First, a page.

Roman Catholic Archdiocese of Poitiers

From Wikipedia, the free encyclopedia
  (Redirected from Bishop of Poitiers)
Jump to: navigation, search
Archdiocese of Poitiers
Archidioecesis Pictaviensis
Archidiocèse de Poitiers
Cathédrale St-Pierre.png
Location
Country France
Ecclesiastical province Poitiers
Statistics
Area 13,098 km2 (5,057 sq mi)
Population
- Total
- Catholics
(as of 2013)
790,900
670,000 (84.7%)
Information
Denomination Roman Catholic
Rite Roman Rite
Established 8 December 2002
Cathedral Cathedral Basilica of St Peter in Poiters
Patron saint St Hilary of Poitiers
Current leadership
Pope Francis
Metropolitan Archbishop Pascal Wintzer
Emeritus Bishops Albert Rouet Archbishop Emeritus (2002–2011)
Map
Provinces ecclésiastiques 2002 (France).svg
Website
Website of the Archdiocese

The Roman Catholic Archdiocese of Poitiers (Lat: Archidioecesis Pictaviensis) is an archdiocese of the Latin Rite of the Roman Catholic church in France. The archepiscopal see is in the city of Poitiers. The Diocese of Poitiers includes the two Departments of Vienne and Deux-Sèvres. The Concordat of 1802 added to the see besides the ancient Diocese of Poitiers a part of the Diocese of La Rochelle and Saintes.

Erected in the third century, as a suffragan of the Archdiocese of Bordeaux, the diocese was elevated to an archdiocese in 2002. The archdiocese is the metropolitan of the Diocese of Angoulême, the Diocese of La Rochelle, the Diocese of Limoges, and the Diocese of Tulle.

The Cathedral Church of Saint-Pierre had a Chapter composed of the bishop and twenty-four canons. The officers of the Chapter were: the Dean, the Cantor, the Provost, the sub-Dean, the sub-Cantor, and the three archdeacons (who are not prebends). The Abbé of Nôtre-Dame-le-Grand was also a member of the Chapter ex officio.[1]

Before the Revolution, the diocese had three archdeacons: the Archdeacon of Poitiers, the Archdeacon of Briançay (or Brioux), and the Archdeacon of Thouars.[2]

The current archbishop is Pascal Wintzer, who was appointed in 2012.

History[edit]

Louis Duchesne holds that its earliest episcopal catalogue represents the ecclesiastical tradition of Poitiers in the twelfth century. The catalogue reckons twelve predecessors of Hilary of Poitiers, among them Nectarius, Liberius, and Agon, and among his successors Sts. Quintianus and Maxentius. Duchesne does not doubt the existence of the cults of these saints but questions whether they were bishops of Poitiers. In his opinion, Hilary (350 – 367 or 368) is the first bishop of whom we have historical evidence.[3] In this he concurs with the Benedictine editors of Gallia christiana.[4]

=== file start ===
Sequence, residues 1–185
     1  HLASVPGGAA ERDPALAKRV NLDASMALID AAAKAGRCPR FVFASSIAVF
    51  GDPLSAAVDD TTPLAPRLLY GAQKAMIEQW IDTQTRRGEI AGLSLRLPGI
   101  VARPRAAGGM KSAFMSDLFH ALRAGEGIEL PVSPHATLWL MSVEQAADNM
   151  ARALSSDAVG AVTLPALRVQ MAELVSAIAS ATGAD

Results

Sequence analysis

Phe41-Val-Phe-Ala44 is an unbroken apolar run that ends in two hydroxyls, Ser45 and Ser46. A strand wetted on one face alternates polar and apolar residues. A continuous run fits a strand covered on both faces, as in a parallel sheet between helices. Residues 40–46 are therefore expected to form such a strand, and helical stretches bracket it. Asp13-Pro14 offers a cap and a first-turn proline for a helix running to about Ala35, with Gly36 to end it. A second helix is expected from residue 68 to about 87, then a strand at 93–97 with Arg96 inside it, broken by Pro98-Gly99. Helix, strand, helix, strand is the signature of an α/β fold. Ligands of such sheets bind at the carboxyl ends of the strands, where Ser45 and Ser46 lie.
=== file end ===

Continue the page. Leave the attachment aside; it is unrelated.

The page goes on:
Notable bishops[edit]

Among his successors were Pientius (c. 544 – 560);[5] Fortunatus (c. 599); Peter (1087–1115), exiled by William IX, Count of Poitiers, whose divorce he refused to sanction; Gilbert de la Porrée (1142–54); William Tempier (1184–97), who, as Barbier de Montault has shown, was irregularly venerated as a saint in certain parts of the diocese since he died subsequent to the declaration of Pope Alexander III which reserved canonizations to the Holy See; Blessed Gauthier de Bruges (1278–1306); Arnauld d'Aux (1306–12), made cardinal in 1312; Guy de Malsec (1371–75), who became cardinal in 1375; Simon de Cramaud (1385–91), indefatigable opponent of the antipope Benedict XIII, and who again administered the diocese (1413–23) and became cardinal in 1413;[6] Louis de Bar (1394-95), cardinal in 1397; Jean de la Trémouille (1505-07), cardinal in 1507; Gabriel de Gramont (1532-34), cardinal in 1507; Claude de Longwy de Givry (1538–52), became cardinal in 1533; Antonio Barberini (1652–57), cardinal in 1627; Abbé de Pradt (1805-09), Chaplain of Consul Napoleon Bonaparte and afterwards Archbishop of Mechlin, Louis Pie (1849–80), cardinal in 1879.